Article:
No comprehensive discussion of male health can be complete without the mention of the hormone testosterone.
However, the socially-conferred connotations that this hormone conjures up extends significantly beyond health. In popular media, testosterone (T) is masqueraded as the source of all things macho. Here, this hormone is associated with everything aggressive, violent, and impatient.
Nevertheless, the scientific interpretation of what the hormone represents is a lot less tame.
Testosterone is the primary sex hormone in males that plays a series of important roles, including influencing the male reproductive system’s development, regulating the male sex drive, and influencing hair growth and voice deepening in adolescent males during puberty.
T also affects other indirectly sexual characteristics like bone growth, muscle size, and strength.
Testosterone also contributes to the overall feeling of well-being in men.
This extensive impact of testosterone on sexual systems in males often raises questions on its influence on fertility. One such question is whether testosterone produces sperm or affects the sperm production process.
Does Testosterone Produce Sperm?
With the far-reaching effects that testosterone has on sexual development and regulation, it is relatively easy to infer that the hormone must have some role in sperm production, and you will be right.
Spermatogenesis—the complicated process that produces spermatozoa—is a process that occurs in the testes and regulates the production and quality of a man’s sperm. This process occurs using two inputs: testosterone and follicle-stimulating hormone (FSH,) a hormone produced by the pituitary gland.
Consequently, testosterone is essential for sperm generation.
However, testosterone abundance is not directly proportional to sperm output, and introducing extra testosterone into your system (via a supplement or other forms of TRT) does not help sperm production. In reality, it can have the opposite effect.
Testosterone Replacement Therapy and Infertility
As men age, their testosterone levels begin to drop, leading to problems like fatigue and low libido levels.
An effective form of treatment for this condition is testosterone replacement therapy (TRT) that involves administering exogenous testosterone via patches, gels, injections, and implants.
However, while this treatment can revitalize low T men, it can have the opposite effect on fertility.
Testosterone levels in the blood are the key marker with which the pituitary gland determines how much FSH (the other critical element in sperm production) to produce. Hence, when this gland detects the extra exogenous testosterone’s presence, it suppresses FSH secretion, which directly impacts sperm production negatively.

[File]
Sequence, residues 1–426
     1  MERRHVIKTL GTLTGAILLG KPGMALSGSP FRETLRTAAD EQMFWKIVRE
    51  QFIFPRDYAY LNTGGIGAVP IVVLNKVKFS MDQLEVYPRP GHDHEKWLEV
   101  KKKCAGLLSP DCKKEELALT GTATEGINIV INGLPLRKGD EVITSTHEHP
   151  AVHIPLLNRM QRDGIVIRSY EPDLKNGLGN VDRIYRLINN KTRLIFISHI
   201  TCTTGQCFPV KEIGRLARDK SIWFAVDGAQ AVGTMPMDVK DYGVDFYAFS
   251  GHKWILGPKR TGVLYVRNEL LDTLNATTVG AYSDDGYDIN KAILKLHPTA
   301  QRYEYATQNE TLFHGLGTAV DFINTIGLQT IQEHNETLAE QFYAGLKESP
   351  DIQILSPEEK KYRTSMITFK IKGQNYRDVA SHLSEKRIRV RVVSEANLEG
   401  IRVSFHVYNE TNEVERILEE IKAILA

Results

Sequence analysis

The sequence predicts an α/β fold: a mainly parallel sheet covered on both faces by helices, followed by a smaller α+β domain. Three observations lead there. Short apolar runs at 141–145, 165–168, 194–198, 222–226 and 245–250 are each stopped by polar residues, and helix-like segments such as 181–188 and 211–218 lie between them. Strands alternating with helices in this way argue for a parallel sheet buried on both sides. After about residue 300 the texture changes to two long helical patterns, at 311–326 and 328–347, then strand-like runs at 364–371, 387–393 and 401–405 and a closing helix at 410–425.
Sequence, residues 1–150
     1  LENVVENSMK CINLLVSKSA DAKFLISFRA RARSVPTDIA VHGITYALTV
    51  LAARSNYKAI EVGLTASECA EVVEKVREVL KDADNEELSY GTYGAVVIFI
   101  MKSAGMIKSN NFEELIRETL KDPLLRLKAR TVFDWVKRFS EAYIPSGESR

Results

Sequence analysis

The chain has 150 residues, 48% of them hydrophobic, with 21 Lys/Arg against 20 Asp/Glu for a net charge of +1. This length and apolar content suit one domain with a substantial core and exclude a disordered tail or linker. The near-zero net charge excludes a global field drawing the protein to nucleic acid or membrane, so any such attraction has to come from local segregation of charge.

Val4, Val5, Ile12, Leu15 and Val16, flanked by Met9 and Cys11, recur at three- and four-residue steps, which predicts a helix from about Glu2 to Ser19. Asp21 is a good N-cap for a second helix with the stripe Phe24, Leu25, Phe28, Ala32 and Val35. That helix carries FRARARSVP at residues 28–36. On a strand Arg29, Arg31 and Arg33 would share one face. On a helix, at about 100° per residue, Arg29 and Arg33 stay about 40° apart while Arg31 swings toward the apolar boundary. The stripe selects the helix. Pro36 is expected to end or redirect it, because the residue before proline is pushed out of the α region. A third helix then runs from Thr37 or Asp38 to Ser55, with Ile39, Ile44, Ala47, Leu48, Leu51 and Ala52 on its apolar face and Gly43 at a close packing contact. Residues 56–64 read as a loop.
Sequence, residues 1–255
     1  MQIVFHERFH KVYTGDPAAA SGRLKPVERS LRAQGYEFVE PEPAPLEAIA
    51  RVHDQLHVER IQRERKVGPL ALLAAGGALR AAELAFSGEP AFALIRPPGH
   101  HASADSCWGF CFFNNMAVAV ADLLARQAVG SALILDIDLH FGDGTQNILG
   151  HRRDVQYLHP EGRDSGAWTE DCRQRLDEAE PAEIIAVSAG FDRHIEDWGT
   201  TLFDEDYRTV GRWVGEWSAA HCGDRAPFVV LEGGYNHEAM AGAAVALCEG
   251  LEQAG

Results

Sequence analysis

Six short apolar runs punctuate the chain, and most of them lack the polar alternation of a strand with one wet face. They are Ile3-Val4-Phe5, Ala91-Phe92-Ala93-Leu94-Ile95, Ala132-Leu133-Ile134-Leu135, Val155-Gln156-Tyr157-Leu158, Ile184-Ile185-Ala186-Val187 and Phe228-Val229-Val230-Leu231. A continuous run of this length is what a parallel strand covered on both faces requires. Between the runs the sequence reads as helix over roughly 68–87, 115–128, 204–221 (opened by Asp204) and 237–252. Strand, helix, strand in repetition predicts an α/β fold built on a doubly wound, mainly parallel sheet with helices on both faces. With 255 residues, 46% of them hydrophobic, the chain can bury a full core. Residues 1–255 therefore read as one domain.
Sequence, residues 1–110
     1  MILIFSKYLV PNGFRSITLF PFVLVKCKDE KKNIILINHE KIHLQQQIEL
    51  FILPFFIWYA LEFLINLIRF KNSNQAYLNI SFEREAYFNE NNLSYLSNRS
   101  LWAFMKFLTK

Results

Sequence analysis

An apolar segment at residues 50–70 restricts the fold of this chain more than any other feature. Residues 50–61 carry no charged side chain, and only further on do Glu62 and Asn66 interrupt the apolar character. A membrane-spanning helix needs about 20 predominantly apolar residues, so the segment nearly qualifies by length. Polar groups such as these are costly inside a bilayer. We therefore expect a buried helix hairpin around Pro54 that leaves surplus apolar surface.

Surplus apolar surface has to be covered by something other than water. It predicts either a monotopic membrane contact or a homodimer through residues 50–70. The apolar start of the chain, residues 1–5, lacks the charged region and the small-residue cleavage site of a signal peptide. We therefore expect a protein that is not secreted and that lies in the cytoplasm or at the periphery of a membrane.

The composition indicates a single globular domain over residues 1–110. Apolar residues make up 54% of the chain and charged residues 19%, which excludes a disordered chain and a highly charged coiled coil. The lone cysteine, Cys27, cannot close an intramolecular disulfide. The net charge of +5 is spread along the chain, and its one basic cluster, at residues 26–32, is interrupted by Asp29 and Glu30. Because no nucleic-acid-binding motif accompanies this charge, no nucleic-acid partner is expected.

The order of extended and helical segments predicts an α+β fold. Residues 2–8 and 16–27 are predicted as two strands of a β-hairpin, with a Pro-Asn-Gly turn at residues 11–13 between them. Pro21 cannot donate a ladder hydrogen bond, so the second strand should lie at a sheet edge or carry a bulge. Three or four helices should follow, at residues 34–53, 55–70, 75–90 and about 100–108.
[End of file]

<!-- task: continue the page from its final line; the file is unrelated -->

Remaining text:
This second-order effect ramps up as TRT continues, and in most cases, testosterone supplements will cause azoospermia (the complete absence of sperm in the ejaculate) after prolonged usage.
In most cases, fertility levels will improve after quitting TRT, with the recovery time being proportional to the testosterone treatments’ duration.
Does Low T Cause Infertility?
If testosterone supplements cause infertility, what happens when you have low T? Nothing really, fertility-wise.
Testosterone is produced in the testes, where sperm generation also occurs. Consequently, the testosterone levels in the testes are significantly higher than elsewhere in the body. Hence, the testes almost always have enough testosterone to complete its spermatogenic processes.
There is almost no chance of low testosterone causing infertility. Even males with an official diagnosis of low T often have sufficient testosterone levels in the testes for sperm production.
How to Boost Testosterone Levels Without TRT
Low T levels (also known as hypogonadism) is no joke.
Testosterone sits at the center of many male characteristics, and as a result, a drop in the hormone levels can cause significant changes in male physiology and behavior. Common symptoms of low T include decreased hair growth, low libido, and erectile dysfunction.
As men age, it is natural for their testosterone levels to begin to fall. When this happens, testosterone replacement therapy can provide an effective way to revitalize the body, boost the sex drive, and improve overall mood.
However, these benefits come with the drawback of lower fertility levels. This won’t be a problem for most older men, as they aren’t trying to conceive.
However, if you find yourself needing a testosterone boost while still trying for a child, all hope is not lost. Some ways to improve testosterone levels without undergoing replacement therapy include:
- Exercise regularly
- Get enough vitamin C
- Get enough vitamin D
- Take D-aspartic acid supplements.